The Canadiens dynasty, to be technically correct, did not end on May 21, 1979. "The Drive For Another Five" bit the dust eleven months later, on April 27, 1980. The slayers of "The Drive" were a bunch of upstart Minnesota North Stars, who capitalized on goalie Denis Herron's out of crease blunder to defeat the Habs in the seventh game by a 3-2 mark.

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Doug Jarvis, who had never until then not won a Cup in his four seasons in Montreal, bawled like a baby in the dressing room.

In the city of Montreal, the disbelief translated dynasty, into "Die, no! Hostie!"

I recall feeling an unbelievably desperate helplessness, an emotion I can only say was ever matched in my life by John Lennon's assassination eight months later.

Theoretically, the dynasty began to wind to end one year before the Canadiens triumph over the Rangers. Canadiens GM Sam Pollock had decided to leave the Canadiens to move into the business world, and decided with that, that he would not have Bowman as his successor.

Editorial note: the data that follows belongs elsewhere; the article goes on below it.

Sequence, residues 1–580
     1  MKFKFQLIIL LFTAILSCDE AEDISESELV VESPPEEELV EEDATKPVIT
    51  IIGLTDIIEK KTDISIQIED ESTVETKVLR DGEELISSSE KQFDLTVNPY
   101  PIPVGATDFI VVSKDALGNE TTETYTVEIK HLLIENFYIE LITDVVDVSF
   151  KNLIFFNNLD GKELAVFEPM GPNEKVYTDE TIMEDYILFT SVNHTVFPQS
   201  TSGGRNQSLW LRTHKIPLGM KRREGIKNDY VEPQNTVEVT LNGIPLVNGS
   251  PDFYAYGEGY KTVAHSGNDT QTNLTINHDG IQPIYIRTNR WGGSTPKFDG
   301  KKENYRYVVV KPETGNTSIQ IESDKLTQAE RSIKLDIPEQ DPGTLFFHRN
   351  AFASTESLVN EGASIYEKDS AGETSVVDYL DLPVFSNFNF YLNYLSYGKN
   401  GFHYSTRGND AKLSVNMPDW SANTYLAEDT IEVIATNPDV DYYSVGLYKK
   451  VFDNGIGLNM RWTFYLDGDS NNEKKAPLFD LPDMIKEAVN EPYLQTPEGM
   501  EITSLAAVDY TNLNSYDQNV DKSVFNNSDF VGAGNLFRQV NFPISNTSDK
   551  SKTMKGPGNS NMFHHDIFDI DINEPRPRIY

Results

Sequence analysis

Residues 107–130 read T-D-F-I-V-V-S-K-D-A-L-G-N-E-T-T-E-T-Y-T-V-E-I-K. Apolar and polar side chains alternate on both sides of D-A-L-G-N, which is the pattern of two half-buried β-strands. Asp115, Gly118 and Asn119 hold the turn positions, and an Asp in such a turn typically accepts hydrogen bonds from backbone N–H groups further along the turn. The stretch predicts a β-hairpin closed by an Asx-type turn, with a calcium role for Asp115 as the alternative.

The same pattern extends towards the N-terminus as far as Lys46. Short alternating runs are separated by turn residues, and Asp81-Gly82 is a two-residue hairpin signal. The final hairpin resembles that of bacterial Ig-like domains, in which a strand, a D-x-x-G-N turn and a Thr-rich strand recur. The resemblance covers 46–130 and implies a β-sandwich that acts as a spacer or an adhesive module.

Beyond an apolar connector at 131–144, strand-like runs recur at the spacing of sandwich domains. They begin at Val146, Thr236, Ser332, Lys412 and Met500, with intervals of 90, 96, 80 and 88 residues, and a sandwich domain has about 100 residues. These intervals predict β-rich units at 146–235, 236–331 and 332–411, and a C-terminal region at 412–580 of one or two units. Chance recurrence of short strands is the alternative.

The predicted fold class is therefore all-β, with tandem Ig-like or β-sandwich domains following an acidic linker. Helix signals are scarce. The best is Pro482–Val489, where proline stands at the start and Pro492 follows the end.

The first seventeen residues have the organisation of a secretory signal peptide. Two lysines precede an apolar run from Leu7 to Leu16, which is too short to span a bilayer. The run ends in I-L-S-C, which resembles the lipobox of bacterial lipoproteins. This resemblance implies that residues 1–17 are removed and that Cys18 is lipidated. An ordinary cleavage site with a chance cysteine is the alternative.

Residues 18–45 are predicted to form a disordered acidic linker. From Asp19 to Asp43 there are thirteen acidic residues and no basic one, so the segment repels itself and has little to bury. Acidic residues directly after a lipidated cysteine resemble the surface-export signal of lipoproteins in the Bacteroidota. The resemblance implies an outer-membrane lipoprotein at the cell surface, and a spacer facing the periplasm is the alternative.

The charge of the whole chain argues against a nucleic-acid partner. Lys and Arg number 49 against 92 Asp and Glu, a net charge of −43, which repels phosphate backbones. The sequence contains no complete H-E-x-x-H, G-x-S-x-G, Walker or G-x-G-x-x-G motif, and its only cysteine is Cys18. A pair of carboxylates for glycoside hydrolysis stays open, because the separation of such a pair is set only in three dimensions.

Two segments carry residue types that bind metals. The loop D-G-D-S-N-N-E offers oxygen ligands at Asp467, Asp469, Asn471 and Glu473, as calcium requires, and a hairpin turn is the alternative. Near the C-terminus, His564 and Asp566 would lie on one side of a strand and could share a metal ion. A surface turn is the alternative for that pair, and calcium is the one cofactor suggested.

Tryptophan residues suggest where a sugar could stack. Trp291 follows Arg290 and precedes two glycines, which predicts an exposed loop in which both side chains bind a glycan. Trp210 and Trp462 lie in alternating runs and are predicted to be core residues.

The GM's reigns were handed to - shall we say fumbled by, Pollock's choice for the job - Irving Grundman.

In general terms, Grundman's tenure was fairly successful in the short term. Some of his initial moves held promise, and Montreal won another Cup. He became somewhat overvillified once they lost, and his stint in the GM's role has forever been regarded as an unmitigated disaster.

With Bowman still successful in hockey thirty years later, the question has often been asked as to why the Canadiens let Bowman go.

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The answer comes from Pollock himself, who feared handing the team to Bowman, as he knew better than anyone else that his coach would tear the team apart transaction by transaction. As Pollock did not wish his dynasty to be dismantled in his wake, he chose Grundman over Bowman to fill his shoes.